Adam Bluestein and Ila Abramson have made a lot of improvements to their home over the years.
One of the areas they significantly improved was their basement. Jake Marin with Efficiency Vermont thinks so too. "The concrete that's sticking out of the ground before your wall is on top of it -- It has the same insulative value as a single sheet of glass," Marin said. "It's important that it's insulated and it's also important that it's air sealed."
The air seal is analagous to wearing a wind breaker, which prevents the breeze from entering. This can be anything from drywall to plaster -- or even foam sheets. Marin says you don't want to forget about the joist area up above. Come winter, efforts like these can make your house more comfortable. "The basement feels a lot warmer," Bluestein said.
Basements typically house our water heaters, furnaces and boilers. Marin says should be regularly inspected and any air filters should be changed. This is also a good time to clean up a bit. "Keeping anything combustible away from this is very, very important," Marin said.
Up in the main living space, many own a fireplace. "A fireplace actually has a net loss of heat," Marin said. But if you don't want to give up the flickering flames, don't worry, Marin says a fireplace insert is a good option.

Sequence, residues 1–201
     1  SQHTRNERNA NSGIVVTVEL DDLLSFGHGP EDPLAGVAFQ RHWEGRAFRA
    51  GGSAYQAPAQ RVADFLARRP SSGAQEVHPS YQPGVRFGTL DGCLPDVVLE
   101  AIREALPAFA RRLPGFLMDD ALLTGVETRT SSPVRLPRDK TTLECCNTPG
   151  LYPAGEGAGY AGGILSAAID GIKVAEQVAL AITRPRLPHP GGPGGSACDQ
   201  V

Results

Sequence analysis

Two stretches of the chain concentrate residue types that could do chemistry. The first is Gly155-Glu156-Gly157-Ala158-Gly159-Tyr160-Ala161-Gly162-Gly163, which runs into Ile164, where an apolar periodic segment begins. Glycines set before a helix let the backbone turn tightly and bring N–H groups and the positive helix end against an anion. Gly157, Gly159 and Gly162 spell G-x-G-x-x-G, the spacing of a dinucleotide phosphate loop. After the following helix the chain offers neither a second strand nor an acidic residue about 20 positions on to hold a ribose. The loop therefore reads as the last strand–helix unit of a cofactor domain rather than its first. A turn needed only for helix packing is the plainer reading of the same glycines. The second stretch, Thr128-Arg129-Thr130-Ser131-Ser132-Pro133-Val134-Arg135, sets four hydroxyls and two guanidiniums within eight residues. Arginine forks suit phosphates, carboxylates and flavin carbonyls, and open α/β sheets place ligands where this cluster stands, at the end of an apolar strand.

And don't forget to address any leaky windows. "I would recommend is what we call interior storm windows," Marin said. "It's just a wooden frame with that similar type of plastic wrapped around it."
And if that exterior door is producing a draft, weatherstripping may do the trick. "That you just screw into the inside of your doorstop and when the door closes it compresses," Marin said.
With a more airtight home, Bluestein and Abramson are ready for winter. "Waiting for the snow and as long as that comes everyone is pretty happy," Bluestein said.
And they'll have a warm place to call home, without a hefty heating bill.
Click here for more information from Efficiency Vermont.